This it does whether it's to be great or not: I settle into my hostel with hopes of being somehow grabbed by the place. I actually DO shortly bump into a few folks about town that I had met in Valdivia, but after passing some time with them in a restaurant we don't reconnect later. This is mostly due to the most poorly laid of plans. Oops: A lot of bars apparently have a Kunstmann sign, one looking just as likely as the other. Thus a final "Happy Birthday" to me comes as I wander about town a bit and call it a night.

It's in this same vein that I find myself putzing about the area for several days. I don't really know anyone, nor do I find myself in many conversations outside of the random one in the hostel. I find a nice spot to play the horn, at least, one with an overlook of the lake and the volcanoes that are generally refusing to appear on account of ill-placed clouds that like to nestle above them. Sigh.

Mt. Osorno is nevertheless the most amazingly conical such beast imaginable. This is true even if I'm not to be immediately blessed with its full glory yet - as I was on the bus to Puerto Montt some eleven years before. That's what had piqued my interest, that stunning view in the midst of such another oddly German town.

In the interim I'm assured that hiking about the volcano and visiting some waterfalls won't require either sun or a clearing of the volcano's summit. Off I go, then, to Petrohué by microbus. An hour-and-a-half of rounding the massive lake Llanquihue finally puts me at the bottom of the volcano's massive skirt, at the lake Todos Los Santos. And THAT's a glorious place to be, even if practically not another soul is around to share it with. That can be good or bad, depending on my mood. I'm indifferent, I suppose.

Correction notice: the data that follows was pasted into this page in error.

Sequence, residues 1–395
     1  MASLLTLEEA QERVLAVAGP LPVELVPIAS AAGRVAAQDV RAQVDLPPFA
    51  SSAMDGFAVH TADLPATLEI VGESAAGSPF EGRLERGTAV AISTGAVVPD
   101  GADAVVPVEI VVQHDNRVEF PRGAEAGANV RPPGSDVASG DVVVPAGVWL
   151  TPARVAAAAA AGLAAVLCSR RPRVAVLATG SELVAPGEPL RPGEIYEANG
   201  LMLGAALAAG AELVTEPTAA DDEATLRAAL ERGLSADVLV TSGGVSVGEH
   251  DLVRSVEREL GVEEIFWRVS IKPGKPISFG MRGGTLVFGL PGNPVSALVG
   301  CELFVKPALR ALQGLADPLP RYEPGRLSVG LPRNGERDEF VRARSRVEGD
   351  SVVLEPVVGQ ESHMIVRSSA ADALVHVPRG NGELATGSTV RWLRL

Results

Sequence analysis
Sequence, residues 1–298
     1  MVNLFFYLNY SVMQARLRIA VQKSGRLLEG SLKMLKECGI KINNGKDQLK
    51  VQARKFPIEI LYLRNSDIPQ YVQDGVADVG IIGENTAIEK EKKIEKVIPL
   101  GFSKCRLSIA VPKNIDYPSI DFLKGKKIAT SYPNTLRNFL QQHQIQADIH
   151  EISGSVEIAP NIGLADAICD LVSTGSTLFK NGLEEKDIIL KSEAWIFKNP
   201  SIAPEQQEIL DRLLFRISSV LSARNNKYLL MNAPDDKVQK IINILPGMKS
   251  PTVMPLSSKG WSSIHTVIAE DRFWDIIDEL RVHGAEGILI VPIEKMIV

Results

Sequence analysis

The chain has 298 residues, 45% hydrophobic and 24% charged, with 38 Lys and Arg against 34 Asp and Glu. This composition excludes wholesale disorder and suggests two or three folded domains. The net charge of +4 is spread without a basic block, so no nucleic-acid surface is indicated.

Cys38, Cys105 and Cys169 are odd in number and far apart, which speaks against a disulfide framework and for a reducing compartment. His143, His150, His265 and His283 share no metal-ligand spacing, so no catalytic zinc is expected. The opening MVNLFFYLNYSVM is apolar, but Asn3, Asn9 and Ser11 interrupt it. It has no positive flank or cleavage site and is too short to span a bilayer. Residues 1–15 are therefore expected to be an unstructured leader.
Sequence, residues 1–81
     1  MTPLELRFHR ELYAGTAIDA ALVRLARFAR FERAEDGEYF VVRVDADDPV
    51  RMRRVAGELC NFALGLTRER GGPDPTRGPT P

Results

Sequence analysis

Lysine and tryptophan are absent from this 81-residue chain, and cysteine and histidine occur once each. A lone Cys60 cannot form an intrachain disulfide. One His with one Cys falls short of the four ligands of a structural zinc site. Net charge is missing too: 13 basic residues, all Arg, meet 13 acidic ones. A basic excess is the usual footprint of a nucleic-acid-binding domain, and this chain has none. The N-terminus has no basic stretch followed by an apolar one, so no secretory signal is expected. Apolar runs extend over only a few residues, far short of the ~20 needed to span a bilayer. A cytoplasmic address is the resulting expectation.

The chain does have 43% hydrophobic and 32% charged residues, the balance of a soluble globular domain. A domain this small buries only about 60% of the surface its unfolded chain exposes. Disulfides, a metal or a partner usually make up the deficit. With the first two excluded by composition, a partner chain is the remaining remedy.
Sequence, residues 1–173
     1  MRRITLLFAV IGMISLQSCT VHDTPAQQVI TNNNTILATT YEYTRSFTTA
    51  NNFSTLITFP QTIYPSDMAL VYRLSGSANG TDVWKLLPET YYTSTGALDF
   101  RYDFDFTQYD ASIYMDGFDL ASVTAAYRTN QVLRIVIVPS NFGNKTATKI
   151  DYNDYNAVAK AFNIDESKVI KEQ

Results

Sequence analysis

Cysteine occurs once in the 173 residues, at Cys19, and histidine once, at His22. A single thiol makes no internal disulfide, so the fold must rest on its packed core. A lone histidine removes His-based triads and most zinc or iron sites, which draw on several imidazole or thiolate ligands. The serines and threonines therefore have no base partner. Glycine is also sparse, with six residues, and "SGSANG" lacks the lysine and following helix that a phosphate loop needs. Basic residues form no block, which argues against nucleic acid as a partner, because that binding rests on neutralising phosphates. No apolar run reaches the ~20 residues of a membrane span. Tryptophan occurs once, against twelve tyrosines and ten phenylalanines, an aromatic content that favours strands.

The other couple people on the bus to go the entire way, meanwhile, walk over to the waiting boat. That'll give them a tour of the lake as I walk off to hopefully find a trail. (It's also where the phenomenally expensive trip to Bariloche for $230 or $270 plus hotel begins, one involving four lakes and five buses through spectacular scenery like what lies before me.)

The girl at the ranger's office takes turns between being helpful and discouraging a la vez. She's not sure why the hell I want to walk up a volcano whose trails have been covered by another's (Volcán Puyehue) copious dumpings of ash. She nevertheless gives me a map and generally indicates where I might go as she insists that Petrohué's waterfall area - 6 km back down the road of ash of I've just come in on - is way better.

Turns out she's right, but that takes some time to ascertain. I dutifully look for the trail to be found amidst all the heapings of ash evidently left by dumptruck and snowplow. It's an awfully good coincidence that Puyehue's ash is falling on an area where ski resorts and snow aren't far away, I think.

Eventually I find where the one remaining trail takes off from the campground and I follow it for a ways towarrd the volcano... and then abruptly stop. The direct sun and lack of tree cover has already got me hot and bothered. And it doesn't look like the view's gonna change much for many hours of hiking, either.